When choice is no choice at all

12th April 1996, 1:00am
Marie Bell


When choice is no choice at all

Most people do not want a return to selection, as many recent articles and letters in the press have repeatedly stated. The majority are not wildly excited about being able to choose among several schools, either. What they do want is a good school, close by.

Nothing has made them angrier over recent years than seeing a previously good neighbourhood comprehensive being undermined because distant grammar schools or others with an element of selection were suddenly allowed to entice the brightest children.

Fervent believers in market forces have managed to create the myth that greater parental choice will improve overall educational standards, and even Labour politicians now naively accept this.

But giving people choice is by no means always a good thing, Letting some parents - those with intelligent or talented children - send their offspring to a school of their choice destroys comprehensive education and blights the educational chances of millions. Comprehensive schools bereft of bright students are nothing more than the previously familiar, inglorious secondary moderns.

Another current myth is that comprehensive education is ineffective. Steady improvements in examination pass rates since the large-scale abolition of the 11-plus give the lie to this. My own children's A and B grades at O-level and A-level, and the many good results obtained by pupils in the comprehensive schools in which I taught for 11 years (after seven years in a grammar school), have repeatedly proved to me that comprehensive education can work very well.

There are also the results from Scotland, where pupils outperform the rest of the United Kingdom. The Scots got ahead by adopting comprehensive education almost universally 20 years ago, but now even their system is beginning to show signs of damage through parental choice.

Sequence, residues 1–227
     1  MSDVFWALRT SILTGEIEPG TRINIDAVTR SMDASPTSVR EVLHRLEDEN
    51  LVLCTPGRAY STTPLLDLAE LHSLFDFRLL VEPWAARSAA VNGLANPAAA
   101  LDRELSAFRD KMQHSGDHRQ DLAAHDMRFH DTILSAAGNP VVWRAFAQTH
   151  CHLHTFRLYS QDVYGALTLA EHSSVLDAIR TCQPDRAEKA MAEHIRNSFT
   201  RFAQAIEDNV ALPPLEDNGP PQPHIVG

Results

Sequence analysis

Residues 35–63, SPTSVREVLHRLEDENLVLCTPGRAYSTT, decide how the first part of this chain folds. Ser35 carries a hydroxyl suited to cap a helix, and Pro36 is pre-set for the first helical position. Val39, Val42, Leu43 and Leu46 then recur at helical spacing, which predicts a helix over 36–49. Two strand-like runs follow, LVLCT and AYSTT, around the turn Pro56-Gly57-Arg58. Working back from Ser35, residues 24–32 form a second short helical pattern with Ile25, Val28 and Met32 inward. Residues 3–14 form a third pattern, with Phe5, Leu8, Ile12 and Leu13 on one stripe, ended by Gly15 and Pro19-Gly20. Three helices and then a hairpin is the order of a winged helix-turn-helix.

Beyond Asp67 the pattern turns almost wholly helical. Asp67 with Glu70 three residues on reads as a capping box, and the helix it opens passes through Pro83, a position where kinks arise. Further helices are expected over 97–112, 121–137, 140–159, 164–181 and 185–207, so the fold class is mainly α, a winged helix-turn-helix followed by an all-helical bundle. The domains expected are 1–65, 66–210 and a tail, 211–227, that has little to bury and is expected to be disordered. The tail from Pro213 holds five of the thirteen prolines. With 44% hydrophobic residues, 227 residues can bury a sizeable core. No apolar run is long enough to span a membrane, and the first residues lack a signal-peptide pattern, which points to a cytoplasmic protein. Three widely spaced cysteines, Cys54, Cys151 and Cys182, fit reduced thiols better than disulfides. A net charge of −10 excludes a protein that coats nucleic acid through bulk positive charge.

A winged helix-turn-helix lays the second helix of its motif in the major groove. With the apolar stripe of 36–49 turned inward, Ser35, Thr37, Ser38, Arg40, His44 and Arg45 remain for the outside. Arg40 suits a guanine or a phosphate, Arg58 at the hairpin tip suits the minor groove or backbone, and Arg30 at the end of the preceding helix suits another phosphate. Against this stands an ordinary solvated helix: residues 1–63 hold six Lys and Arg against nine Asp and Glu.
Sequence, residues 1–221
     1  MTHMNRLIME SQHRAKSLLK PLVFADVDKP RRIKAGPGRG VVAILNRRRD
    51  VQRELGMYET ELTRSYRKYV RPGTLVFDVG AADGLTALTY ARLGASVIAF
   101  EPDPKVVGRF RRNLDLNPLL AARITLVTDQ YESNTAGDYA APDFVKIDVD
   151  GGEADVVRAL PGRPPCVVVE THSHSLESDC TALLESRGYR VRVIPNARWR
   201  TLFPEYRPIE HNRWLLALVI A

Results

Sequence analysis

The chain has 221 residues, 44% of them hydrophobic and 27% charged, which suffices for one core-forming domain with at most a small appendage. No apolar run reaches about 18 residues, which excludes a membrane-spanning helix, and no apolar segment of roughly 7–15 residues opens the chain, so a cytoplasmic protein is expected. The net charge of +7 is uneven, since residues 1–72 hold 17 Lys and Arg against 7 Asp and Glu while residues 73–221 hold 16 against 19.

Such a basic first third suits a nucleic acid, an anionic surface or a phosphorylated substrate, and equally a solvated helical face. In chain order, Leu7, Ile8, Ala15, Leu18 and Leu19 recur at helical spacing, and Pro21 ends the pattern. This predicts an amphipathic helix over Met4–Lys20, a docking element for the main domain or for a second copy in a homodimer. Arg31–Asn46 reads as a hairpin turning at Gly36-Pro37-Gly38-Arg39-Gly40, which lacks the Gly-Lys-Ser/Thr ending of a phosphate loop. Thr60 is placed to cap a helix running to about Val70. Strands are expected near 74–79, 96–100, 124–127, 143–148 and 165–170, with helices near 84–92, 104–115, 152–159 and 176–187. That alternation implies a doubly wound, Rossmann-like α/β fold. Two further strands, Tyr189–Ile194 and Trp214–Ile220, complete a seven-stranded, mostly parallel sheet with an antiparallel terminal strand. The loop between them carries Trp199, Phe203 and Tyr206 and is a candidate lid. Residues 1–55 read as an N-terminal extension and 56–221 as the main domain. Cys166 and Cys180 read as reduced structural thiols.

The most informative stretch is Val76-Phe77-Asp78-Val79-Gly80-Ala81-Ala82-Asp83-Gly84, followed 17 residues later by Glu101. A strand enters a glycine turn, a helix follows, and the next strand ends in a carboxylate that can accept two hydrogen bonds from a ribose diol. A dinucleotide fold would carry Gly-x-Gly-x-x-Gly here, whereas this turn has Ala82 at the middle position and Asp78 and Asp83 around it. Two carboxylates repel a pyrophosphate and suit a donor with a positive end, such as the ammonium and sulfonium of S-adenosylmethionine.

Blind faith in market economics led to the widening of choice which most parents never wanted and thereby to the undermining of the still developing educational system which the majority approved of. Hence increasing numbers of potential voters with bright children are now finding themselves in catchment areas of schools that are effectively secondary moderns, and they are not keen to entrust their children to them.

Politicians who have become aware of their plight and are keen to secure their votes hope to appease them by guaranteeing continued choice and more academic selection. The end of the comprehensive era is moving ever closer, as is the prospect of worsening failure at the lower end of the ability range. By trying to fix what was not broken, politicians are causing some really worrying problems.

The demise of the comprehensive system can only give greater impetus to the most unattractive of recent middle-class tendencies, that of trying to isolate themselves and their children from the rest of society. Sitting next to someone less privileged than oneself is something that not just the odd Tory minister now wants to avoid.

This approach, like many modern philosophies, has come to us from the other side of the Atlantic. The United States can already show us what kind of society this may lead to: the more privileged retreating behind high walls and barbed wire by choice, 1.6 million kept behind them against their will, and much of the rest either anxious or envious.

The comprehensive system can not only deliver good education for all; it seems to be the only means so far invented that can possibly help us to avoid the social problems that already bedevil the United States.

It has certainly raised overall educational achievement far beyond levels reached in the bad old days of selection. That is why the system should be made more truly comprehensive and improved, instead of returning to selection.

Some may decry the attempt to create an effective comprehensive system as "social engineering", but so is every other kind of educational provision: this is at least one that no one need be ashamed of.

The minority of parents with able children who want to create special niches just for their own kind and thereby effectively destroy the whole system should not be indulged. If they insist on special provision, they should have to pay for it, but before they do they might like to know that a comprehensive school with a wide social mix got both my children to Cambridge. If we really want to give children equal educational opportunities we should scrap all other fancy schemes and concentrate on the restoration, preservation and expansion of the comprehensive system.

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